March has been eventful at La Europa. We’ve welcomed some wonderful new girls, celebrated a graduation, and participated in several fun activities. Here are a few highlights:
Girl Rising: The girls celebrated International Women’s Day by attending a special screening of the documentary Girl Rising, described as an “innovative new feature film about the power of education to change a girl – and the world… The film spotlights unforgettable girls like Sokha, an orphan who rises from the dumps of Cambodia to become a star student and accomplished dancer; Suma, who composes music to help her endure forced servitude in Nepal and today crusades to free others; and Ruksana, an Indian ‘pavement-dweller’ whose father sacrifices his own basic needs for his daughter’s dreams.” Watching the movie opened a really our eyes and a positive dialogue. It had a powerful impact on the girls, who discussed each story and their own educational privileges on the return trip to LEA.
Jump On It: Even though we’ve visited the large trampoline venue before, the girls always enjoy the chance to run, flip, bounce, and climb. We especially enjoyed having the expansive facility entirely to ourselves this time. Girls used the rope swings to fly from perches and land on the bouncy surfaces below. They flipped from trampoline to trampoline and got extra air to dunk balls into basketball hoops. Several girls scaled the climbing wall only to let go and fall into the cushioning pit of foam below. They slid down slides, climbed ropes, and did a lot of laughing. The time seemed to pass too quickly, but the exercise and the free reign were a lot of fun while they lasted.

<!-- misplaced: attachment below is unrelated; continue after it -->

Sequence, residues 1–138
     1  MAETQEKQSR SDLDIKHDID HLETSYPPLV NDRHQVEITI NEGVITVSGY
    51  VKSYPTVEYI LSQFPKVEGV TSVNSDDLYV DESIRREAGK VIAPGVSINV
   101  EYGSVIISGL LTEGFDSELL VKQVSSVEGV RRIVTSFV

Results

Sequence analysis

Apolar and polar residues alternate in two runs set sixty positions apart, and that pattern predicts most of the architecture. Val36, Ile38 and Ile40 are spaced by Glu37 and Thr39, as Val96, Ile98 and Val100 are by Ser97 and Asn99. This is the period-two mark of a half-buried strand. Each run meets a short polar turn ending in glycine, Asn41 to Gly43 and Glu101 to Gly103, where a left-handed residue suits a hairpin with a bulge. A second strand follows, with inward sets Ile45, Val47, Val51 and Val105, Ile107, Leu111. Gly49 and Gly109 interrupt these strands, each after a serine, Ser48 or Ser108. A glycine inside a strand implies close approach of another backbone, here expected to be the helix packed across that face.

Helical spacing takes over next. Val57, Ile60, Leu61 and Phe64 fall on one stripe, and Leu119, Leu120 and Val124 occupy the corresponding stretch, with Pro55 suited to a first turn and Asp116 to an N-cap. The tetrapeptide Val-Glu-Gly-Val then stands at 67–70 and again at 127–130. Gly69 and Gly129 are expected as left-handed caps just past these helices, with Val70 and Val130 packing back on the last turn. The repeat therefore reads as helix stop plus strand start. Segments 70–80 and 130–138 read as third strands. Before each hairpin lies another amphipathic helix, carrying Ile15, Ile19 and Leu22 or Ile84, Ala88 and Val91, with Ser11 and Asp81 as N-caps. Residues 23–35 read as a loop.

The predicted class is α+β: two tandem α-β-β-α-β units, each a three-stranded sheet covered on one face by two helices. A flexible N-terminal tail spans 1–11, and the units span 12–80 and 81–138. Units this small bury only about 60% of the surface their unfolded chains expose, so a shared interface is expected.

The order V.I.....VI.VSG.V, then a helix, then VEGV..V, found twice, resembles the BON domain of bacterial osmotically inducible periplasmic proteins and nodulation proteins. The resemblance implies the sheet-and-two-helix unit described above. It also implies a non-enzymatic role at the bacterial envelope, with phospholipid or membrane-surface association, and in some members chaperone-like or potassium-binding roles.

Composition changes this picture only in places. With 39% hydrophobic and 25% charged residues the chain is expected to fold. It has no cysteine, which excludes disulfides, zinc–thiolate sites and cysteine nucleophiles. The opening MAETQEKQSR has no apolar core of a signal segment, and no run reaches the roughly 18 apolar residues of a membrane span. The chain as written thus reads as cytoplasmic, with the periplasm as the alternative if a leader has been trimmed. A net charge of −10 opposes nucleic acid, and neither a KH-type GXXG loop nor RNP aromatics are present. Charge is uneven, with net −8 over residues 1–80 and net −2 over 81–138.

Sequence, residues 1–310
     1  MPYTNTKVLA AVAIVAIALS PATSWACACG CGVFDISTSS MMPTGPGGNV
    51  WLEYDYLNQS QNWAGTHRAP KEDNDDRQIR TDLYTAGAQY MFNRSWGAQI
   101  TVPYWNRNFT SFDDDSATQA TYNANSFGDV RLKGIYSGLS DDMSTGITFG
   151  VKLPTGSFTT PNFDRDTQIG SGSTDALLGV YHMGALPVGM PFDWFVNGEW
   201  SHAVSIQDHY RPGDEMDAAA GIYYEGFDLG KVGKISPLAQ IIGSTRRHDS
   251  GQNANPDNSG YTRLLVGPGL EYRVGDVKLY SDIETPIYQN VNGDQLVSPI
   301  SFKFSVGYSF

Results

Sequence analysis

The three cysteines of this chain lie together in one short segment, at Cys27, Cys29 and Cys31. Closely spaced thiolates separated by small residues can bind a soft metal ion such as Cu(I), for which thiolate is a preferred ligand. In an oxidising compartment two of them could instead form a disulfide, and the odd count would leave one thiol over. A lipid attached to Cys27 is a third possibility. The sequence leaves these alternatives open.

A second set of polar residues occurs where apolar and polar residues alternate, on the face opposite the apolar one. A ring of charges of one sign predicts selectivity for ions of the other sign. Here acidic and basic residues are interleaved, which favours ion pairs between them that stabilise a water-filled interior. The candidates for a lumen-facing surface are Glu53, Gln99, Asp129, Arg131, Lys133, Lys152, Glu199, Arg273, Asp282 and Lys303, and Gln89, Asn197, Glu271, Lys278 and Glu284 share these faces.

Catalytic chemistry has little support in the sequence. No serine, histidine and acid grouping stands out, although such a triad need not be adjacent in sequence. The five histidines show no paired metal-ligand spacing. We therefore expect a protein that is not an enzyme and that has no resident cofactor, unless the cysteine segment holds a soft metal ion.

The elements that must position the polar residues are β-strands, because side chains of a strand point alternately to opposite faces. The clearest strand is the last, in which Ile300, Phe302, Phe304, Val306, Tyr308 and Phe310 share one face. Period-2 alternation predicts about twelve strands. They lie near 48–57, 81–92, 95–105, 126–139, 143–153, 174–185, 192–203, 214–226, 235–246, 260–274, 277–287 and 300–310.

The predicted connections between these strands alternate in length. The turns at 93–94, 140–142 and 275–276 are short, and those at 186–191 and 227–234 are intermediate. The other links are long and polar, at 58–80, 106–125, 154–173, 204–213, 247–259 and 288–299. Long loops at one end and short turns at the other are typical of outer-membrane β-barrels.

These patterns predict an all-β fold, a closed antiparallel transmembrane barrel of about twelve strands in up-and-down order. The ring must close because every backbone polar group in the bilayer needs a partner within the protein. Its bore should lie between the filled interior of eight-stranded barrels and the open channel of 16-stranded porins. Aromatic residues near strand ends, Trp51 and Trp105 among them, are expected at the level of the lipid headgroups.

Mummies of the World: Today marked our second visit to The Leonardo. The interactive museum brings together the best of science, art, and technology and often hosts fascinating exhibits. Currently, they are hosting the traveling Mummies of the World exhibit which started with the discovery of “an incredible collection of 20 human mummies and many precious artifacts… in a forgotten storage basement in a German museum….The mummies, which once belonged to artist Gabriel von Max (1840-1915), had never been researched and most had no documentation explaining who they were, where they were from or why they were collected…. Started in 2004, the German Mummy Project is the largest mummy research project in the world” (-excerpt from the exhibition’s learning guide). The exhibit contained artifacts, intentionally mummified humans and animals, and also naturally preserved mummies from Egypt, Asia, South America, and Europe. It presented scientific, historic, and cultural information in interactive, fascinating, and respectful displays. The girls enjoyed their visit and we all learned quite a bit in the process.